ability to groom them over time.

It's been two full decades now, and in two months the team kicks off
its 19th season. Mark Richardson? I had problems with him. But, he
worked alongside some cornerstones of this team - he worked under Mike
McCormack, he helped employ Sam Mills. He worked alongside
controversial names like Bill Polian. He was a part of the learned
lessons of George Seifert, Kevin Greene, Kerry Collins. He was around
for Fred Lane and Rae Carruth.

Now, that's not to say that a franchise should be gunshy about
unrelated issues from a decade ago. Maybe a fresh perspective will
help. Maybe not worrying about what the last guy did or how he'd do it,
maybe that'll help Carolina down the road. But for the idealistic of
us, there was some comfort in 1999 when you could imagine that the
guy(s) moving forward would know where the team came from. That's
essentially impossible, now.

Wednesday, July 3, 2013

Quintin Mikell?

That's what I get for starting to pay attention, out of the blue,
safety Quintin Mikell is in talks with the Carolina Panthers.

You won't hear about this story without hearing about the dearth of
talent in the Panthers' secondary - that it's Charles Godfrey and a
couple hopeful names, but nothing substantial, next to him. It feels
worth skipping past that under the assumption that yes, Carolina has
safety issues.

The 32 year old Mikell was a career Eagle when he signed with the Rams
in 2011. So he'd spent plenty of time under Sean McDermott- including
being All-Pro in 2009, McDermott's first season as a coordinator in
Philly. Now that was at 28 - not his current 32. But apparently
Mikell was a fantastic Ram last year and may not have deserved to be
cut, and at best seems to be the victim of his own contract.

A good in-the-box safety, Mikell isn't huge (5'10, 205), but is a
fairly sure tackling safety with good ball skills.
Profootballfocus.com has him as their 5th best safety last year. He had
75 tackles, 3 sacks, and 9 QB pressures last year moving forward. His
deeper stats weren't great - 0 INT, 4 forced fumbles, and 2 PD, but PFF
grades him well in coverage.

He'd definitely be an upgrade in the box, and it's hard to say anyone
Carolina has would be better in coverage. He's been reliable, missing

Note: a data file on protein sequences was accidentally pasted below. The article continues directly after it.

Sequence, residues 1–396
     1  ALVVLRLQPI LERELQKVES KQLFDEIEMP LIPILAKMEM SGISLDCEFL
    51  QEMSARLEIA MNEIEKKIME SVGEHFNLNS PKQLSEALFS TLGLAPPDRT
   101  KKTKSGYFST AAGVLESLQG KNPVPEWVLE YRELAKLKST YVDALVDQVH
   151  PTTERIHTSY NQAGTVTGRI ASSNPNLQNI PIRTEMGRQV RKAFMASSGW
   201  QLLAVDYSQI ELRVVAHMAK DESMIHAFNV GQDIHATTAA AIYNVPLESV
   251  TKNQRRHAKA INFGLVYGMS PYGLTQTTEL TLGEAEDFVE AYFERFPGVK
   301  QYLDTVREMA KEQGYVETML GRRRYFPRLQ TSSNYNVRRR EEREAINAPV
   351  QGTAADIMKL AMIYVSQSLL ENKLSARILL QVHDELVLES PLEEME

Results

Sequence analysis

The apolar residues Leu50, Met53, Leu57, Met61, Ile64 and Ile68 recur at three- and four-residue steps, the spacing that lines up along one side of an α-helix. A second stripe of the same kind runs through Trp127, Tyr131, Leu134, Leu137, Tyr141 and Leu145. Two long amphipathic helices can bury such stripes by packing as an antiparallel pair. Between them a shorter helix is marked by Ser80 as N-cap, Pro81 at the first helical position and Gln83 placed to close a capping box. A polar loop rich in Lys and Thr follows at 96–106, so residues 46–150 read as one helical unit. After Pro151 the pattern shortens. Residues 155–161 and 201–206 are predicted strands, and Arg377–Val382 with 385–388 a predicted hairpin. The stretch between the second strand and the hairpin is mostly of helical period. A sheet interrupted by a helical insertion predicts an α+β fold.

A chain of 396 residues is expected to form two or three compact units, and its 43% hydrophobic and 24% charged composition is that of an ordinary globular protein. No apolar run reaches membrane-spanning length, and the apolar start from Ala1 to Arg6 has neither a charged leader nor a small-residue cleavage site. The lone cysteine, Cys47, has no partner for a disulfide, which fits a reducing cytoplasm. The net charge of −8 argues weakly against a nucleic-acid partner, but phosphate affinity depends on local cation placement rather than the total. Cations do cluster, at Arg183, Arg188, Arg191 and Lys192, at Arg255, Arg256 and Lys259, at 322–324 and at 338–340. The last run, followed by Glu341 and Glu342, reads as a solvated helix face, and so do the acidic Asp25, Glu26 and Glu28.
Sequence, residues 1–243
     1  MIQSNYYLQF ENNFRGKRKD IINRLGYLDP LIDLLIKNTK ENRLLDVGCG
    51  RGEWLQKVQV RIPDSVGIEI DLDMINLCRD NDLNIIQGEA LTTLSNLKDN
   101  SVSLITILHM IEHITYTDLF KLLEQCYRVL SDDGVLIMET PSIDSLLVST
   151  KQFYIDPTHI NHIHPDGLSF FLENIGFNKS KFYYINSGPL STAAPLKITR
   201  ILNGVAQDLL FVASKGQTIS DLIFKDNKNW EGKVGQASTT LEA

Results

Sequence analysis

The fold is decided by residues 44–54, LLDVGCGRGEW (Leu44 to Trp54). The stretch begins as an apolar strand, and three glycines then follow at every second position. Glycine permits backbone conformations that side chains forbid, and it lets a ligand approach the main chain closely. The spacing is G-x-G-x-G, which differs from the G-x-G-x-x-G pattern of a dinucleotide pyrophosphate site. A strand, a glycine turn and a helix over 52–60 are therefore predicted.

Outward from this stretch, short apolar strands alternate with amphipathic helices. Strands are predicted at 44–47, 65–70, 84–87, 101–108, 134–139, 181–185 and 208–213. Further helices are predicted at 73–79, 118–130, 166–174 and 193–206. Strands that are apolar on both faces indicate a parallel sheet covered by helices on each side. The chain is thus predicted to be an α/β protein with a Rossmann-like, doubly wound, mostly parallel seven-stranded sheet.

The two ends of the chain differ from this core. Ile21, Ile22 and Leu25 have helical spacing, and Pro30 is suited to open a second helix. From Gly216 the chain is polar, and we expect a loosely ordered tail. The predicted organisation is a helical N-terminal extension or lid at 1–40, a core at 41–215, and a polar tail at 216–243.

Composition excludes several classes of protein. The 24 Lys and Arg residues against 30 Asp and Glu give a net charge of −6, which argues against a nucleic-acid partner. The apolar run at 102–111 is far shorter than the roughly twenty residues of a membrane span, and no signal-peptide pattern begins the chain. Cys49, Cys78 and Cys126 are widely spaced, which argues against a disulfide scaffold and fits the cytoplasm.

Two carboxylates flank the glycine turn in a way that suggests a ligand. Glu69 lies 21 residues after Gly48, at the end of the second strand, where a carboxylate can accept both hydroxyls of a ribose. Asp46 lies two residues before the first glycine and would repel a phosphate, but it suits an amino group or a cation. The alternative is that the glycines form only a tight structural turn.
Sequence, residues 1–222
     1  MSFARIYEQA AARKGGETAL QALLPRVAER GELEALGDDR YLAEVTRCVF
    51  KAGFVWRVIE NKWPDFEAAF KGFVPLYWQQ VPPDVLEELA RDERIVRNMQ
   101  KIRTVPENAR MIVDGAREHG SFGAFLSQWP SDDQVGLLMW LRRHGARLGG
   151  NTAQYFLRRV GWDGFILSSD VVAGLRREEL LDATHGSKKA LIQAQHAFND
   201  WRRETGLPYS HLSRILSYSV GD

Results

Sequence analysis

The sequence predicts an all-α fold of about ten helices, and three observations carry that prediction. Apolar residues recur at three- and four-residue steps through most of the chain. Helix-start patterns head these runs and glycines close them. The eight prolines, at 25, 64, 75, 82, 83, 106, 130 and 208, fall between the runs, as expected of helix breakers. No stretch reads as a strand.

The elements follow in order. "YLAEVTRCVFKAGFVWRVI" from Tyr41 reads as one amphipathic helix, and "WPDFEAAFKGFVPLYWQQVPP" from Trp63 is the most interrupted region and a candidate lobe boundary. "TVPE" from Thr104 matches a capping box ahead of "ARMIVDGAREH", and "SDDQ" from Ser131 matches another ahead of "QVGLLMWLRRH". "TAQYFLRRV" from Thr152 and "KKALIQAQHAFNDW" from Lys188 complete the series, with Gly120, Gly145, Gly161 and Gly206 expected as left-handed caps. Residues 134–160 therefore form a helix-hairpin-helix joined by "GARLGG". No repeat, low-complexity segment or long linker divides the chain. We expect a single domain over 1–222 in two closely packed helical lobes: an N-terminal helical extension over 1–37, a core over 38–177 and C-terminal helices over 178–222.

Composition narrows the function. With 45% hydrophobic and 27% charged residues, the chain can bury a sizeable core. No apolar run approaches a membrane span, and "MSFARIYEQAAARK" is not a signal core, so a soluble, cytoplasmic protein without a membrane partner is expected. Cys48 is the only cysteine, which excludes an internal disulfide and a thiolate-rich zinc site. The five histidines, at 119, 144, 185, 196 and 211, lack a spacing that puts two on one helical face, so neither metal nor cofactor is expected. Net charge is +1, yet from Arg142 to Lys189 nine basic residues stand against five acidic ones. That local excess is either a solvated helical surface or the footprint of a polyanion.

3 of the last 158 games he could've played in.

It'd probably cost the team $3-4 million. They currently have some
room to make such a move, if it's a one year deal. But past that, it's
hard to say.

It's interesting they're after Mikell this late in the game, but
interesting he's still out there, too. Will be interesting to see how
this one turns out.

Summer Rolling Along

So we've collectively made it into July - so we're almost there. It's
been a long, mostly eventless summer outside of a week or two of bargain
spending on DBs and WRs, and a few days' worth of drafting some size and
strength.

But now, camp starts in three weeks. Fanfest (8/3) is exactly a month
away, so the first preseason game is five weeks away.


Most of what's going on lately includes the sort of pre-pre-season
fluff that includes supposedly heartwarming stories about this player or
that player who's local or a newcomer with an interesting story. But,
occasionally something squeaks out from the media (and, of course, not
the locals) that's interesting enough, so I'm sharing this:

http://www.nationalfootballpost.com/NFP-Sunday-Blitz-5526.html?utm_medium=twitter&utm_source=twitterfeed

The shotgun/under center stats are interesting (and the reasoning up
for grabs based on situation and circumstance), but I like the bit where
Don Shula is in on the conversation.

Yes, absolutely - Don had a few of the better quarterbacks in NFL
history, and a former Bills fan might say that Don just dealt with what
he had instead of being responsible for a Marino or Unitas, but that's a
pretty cynical approach. There's no doubting that having the elder
Shula consult for a few moments would pay dividends in the long game, a
consistently under-rated part of Newton's game.

It's harder to say that it will matter; it's also hard to say, yet
again, whether the tremendously conservative approach will work with a
dynamic player like Newton. It's a near make-or-break season for both
Newton and the team; much of the team is essentially on one year deals
(or become very cuttable in 2014) along with the coaching staff. Newton
himself is eligible for contract renegotiation after the season.